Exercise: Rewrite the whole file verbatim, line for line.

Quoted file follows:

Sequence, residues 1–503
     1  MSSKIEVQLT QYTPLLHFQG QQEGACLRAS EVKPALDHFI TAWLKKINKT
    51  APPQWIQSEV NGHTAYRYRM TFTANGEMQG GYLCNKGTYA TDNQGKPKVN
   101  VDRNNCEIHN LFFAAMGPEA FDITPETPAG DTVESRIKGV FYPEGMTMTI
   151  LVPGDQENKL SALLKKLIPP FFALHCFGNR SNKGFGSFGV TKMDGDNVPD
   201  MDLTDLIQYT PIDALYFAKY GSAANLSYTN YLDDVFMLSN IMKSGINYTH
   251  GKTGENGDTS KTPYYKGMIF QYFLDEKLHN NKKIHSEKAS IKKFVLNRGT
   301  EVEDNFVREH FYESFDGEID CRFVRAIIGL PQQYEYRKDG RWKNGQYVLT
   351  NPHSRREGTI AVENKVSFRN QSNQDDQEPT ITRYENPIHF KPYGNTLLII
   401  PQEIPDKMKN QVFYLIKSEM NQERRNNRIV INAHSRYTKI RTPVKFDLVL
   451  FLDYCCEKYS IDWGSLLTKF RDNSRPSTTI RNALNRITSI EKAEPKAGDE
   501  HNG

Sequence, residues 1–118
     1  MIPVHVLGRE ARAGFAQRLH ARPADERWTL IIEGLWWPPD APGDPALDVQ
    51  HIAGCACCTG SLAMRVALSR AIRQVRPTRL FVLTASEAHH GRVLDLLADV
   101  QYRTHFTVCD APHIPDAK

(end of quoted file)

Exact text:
Sequence, residues 1–503
     1  MSSKIEVQLT QYTPLLHFQG QQEGACLRAS EVKPALDHFI TAWLKKINKT
    51  APPQWIQSEV NGHTAYRYRM TFTANGEMQG GYLCNKGTYA TDNQGKPKVN
   101  VDRNNCEIHN LFFAAMGPEA FDITPETPAG DTVESRIKGV FYPEGMTMTI
   151  LVPGDQENKL SALLKKLIPP FFALHCFGNR SNKGFGSFGV TKMDGDNVPD
   201  MDLTDLIQYT PIDALYFAKY GSAANLSYTN YLDDVFMLSN IMKSGINYTH
   251  GKTGENGDTS KTPYYKGMIF QYFLDEKLHN NKKIHSEKAS IKKFVLNRGT
   301  EVEDNFVREH FYESFDGEID CRFVRAIIGL PQQYEYRKDG RWKNGQYVLT
   351  NPHSRREGTI AVENKVSFRN QSNQDDQEPT ITRYENPIHF KPYGNTLLII
   401  PQEIPDKMKN QVFYLIKSEM NQERRNNRIV INAHSRYTKI RTPVKFDLVL
   451  FLDYCCEKYS IDWGSLLTKF RDNSRPSTTI RNALNRITSI EKAEPKAGDE
   501  HNG

Sequence, residues 1–118
     1  MIPVHVLGRE ARAGFAQRLH ARPADERWTL IIEGLWWPPD APGDPALDVQ
    51  HIAGCACCTG SLAMRVALSR AIRQVRPTRL FVLTASEAHH GRVLDLLADV
   101  QYRTHFTVCD APHIPDAK